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On Saturday, Aung San Suu Kyi, the Burmese human rights and democracy leader, Nobel Peace Prize Laureate and folk shero was released from the house arrest in Myanmar that has kept her a prisoner for much of the last twenty years. She is now 65-years old, and as radiant, charismatic and determined as ever. She has evoked tremendous support from people all over the world who see in her the potential to be a major force in creating a global vision of the possibility of a peaceful and humane way of living. The inspiration for a powerful new paradigm.
Here is the article that I wrote about her in the inaugural issue of The Queen’s Chronicles in October 2007.
Hail The Martyr Queen of Myanmar
Though the recent protests in Myanmar have been lead by Buddhist monks, the real moral leader of the country once known as Burma is Aung San Suu Kyi, the most powerful individual in a country of nearly 50 million people.
At 62, she is hauntingly beautiful and elegant. Delicate, she weighs barely 100 pounds, and often wears a colorful flower in her hair. But despite her demure appearance, she is a woman of steely resolve who has devoted her life to the struggle for democracy in Myanmar at great personal expense.
It is her resolve and example that has inspired her sister and brother citizens in today’s struggle. She is frequently called Daw Aung San Suu Kyi. Daw is not part of her name, but an honorific similar to madam for older, revered women, literally meaning “aunt.” Or, shall we say “Queen!”
She is the daughter of Burma’s most famous general who freed the country from British rule in 1947. Suu Kyi spent her childhood in Myanmar, but continued her education overseas in England, where she met and married college professor Dr. Michael Aris.
She and Aris had two sons together, and were living an idyllic life in Bhutan when she received word that her mother, back in Myanmar, had fallen ill. Suu Kyi decided to fly home temporarily to nurse her mother — but her plans quickly changed.
When Suu Kyi arrived in Myanmar in 1988, the streets were full of monks, students, and workers protesting the rise of the new military regime. During the protests, more than 3000 demonstrators were massacred on the orders of the brutal new government.
Once her duties to her mother had been fulfilled, Daw Suu Kyi made the painful decision to stay in Myanmar and take action against the junta that was destroying all the freedoms that her father had won for the people. For her, the choice was clear: “I could not, as my father’s daughter, remain indifferent to all that was going on,” she said in a speech.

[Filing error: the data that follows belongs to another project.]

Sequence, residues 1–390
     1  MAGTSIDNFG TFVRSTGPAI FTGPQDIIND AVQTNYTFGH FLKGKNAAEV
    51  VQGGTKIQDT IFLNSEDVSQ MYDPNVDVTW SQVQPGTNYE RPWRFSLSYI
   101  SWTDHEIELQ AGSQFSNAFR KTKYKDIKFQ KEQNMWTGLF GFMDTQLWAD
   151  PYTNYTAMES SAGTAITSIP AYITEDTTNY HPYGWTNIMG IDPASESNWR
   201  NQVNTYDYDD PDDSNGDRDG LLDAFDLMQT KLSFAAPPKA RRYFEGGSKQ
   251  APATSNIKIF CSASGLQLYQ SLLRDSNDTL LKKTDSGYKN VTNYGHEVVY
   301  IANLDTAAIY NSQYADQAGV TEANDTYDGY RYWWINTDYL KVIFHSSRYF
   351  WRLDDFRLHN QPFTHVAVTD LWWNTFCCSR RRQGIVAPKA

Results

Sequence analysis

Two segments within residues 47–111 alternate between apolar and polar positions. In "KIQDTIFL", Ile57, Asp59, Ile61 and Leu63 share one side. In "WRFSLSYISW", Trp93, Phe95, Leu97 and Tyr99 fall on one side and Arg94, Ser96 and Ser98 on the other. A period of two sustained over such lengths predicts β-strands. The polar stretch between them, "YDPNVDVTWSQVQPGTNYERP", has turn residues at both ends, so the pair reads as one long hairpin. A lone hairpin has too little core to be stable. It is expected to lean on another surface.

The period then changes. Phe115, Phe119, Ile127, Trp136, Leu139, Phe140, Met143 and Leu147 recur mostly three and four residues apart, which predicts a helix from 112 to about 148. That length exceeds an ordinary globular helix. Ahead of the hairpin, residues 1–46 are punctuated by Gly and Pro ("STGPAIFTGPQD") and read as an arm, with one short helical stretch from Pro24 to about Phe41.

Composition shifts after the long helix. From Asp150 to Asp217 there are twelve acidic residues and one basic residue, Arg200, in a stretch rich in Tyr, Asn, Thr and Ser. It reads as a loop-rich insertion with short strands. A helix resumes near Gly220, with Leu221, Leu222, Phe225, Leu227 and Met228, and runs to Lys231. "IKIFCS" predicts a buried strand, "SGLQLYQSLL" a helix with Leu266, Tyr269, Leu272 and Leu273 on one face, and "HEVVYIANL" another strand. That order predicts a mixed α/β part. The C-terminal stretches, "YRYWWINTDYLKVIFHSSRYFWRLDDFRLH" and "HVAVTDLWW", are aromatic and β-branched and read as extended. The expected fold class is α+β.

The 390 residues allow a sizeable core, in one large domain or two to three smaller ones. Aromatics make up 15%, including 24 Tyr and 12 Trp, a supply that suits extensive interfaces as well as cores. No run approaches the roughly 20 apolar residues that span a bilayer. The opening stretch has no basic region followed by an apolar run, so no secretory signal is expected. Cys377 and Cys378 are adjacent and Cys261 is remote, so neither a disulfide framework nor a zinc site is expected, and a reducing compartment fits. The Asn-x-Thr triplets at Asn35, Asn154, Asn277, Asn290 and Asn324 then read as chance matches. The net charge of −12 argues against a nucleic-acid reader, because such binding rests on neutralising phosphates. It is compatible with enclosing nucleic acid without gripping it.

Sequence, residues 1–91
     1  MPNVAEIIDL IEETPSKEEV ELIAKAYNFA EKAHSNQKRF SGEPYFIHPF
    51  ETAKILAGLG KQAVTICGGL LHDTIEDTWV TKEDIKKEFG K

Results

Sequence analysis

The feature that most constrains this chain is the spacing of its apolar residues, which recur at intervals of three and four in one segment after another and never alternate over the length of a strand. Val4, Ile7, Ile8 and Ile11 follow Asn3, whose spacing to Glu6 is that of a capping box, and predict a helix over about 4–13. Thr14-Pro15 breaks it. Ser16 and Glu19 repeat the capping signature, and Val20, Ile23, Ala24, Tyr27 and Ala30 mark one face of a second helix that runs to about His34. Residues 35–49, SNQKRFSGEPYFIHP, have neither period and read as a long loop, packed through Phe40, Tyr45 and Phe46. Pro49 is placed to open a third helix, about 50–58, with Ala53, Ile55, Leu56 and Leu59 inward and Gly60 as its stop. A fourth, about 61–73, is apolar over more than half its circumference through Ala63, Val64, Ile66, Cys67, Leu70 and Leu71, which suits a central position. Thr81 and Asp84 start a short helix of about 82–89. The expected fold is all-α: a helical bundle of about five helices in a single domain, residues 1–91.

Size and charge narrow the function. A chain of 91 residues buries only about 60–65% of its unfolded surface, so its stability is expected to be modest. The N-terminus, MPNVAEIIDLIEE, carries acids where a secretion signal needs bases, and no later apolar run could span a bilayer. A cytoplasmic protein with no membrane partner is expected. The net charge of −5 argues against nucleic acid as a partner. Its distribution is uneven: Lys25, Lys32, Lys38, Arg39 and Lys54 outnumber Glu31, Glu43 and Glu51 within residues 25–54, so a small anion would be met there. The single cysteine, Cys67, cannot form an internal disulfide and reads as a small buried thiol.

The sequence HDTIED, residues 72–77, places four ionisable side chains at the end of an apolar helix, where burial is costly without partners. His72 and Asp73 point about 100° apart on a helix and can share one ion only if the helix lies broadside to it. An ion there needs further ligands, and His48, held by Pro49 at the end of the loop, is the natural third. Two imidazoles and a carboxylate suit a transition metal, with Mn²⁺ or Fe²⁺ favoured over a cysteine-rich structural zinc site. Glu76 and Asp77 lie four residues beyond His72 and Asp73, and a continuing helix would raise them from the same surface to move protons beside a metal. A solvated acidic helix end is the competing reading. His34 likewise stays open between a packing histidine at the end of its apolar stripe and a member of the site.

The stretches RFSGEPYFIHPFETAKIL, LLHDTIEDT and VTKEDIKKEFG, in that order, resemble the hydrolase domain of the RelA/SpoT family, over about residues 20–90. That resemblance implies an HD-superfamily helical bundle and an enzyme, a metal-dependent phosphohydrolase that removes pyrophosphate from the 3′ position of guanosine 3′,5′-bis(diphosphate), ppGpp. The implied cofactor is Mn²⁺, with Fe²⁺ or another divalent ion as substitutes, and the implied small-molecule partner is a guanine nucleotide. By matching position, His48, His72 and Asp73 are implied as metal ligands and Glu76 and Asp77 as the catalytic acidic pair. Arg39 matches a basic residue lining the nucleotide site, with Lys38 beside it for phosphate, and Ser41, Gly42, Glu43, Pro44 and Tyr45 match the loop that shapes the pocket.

“It is not power that corrupts, but fear. Fear of losing power corrupts those who wield it and fear of the scourge of power corrupts those who are subject to it.”
She soon became the unlikely leader of a sweeping movement for change. She organized peaceful rallies and gave speeches that called for free elections, democratic reform, and human rights. In 1990, Queen Suu Kyi and her party won an overwhelming victory in the country’s democratic elections. But she was arrested by the junta before she could assume her rightful post as Prime Minister. She is still, after 17 years, under detention.
For her devotion and strength, Suu Kyi was honored with the Freedom of Thought award in 1990. In 1991 she was awarded the Nobel Peace Prize for her peaceful and non-violent struggle under a military dictatorship – making her the world’s only imprisoned Nobel Peace Prize recipient. She used the Nobel’s $1.3 million prize money to create a health and education trust for the people of Myanmar.
Suu Kyi’s conviction to her country has cost her dearly. She’s lost not only her freedom, but her family as well. She is separated from her sons who live in England. And tragically, she never had the chance to say goodbye to her husband before his death in 1999.
Today, Queen Aung San Suu Kyi remains under house arrest, but her spirits are as strong as ever. “I’ve always felt free because they have not been able to do anything to what really mattered,” she told ABC News. “And once you’re free inside, once you feel, ‘I can accept something that happens to me as long as I am working for something right’ … then I think you are free.”
“The only real prison is fear, and the only real
freedom is freedom from fear.”
May we take her courage to heart and be inspired to defend what is fair and right and good.
The Queen welcomes questions concerning all issues of interest to women in their mature years. Send your inquiries to email@example.com.
CONSULT THE MIDLIFE MIDWIFE™
Queen Mama Donna offers upbeat, practical and ceremonial guidance for individual women and groups who want to enjoy the fruits of an enriching, influential, purposeful, passionate, and powerful maturity.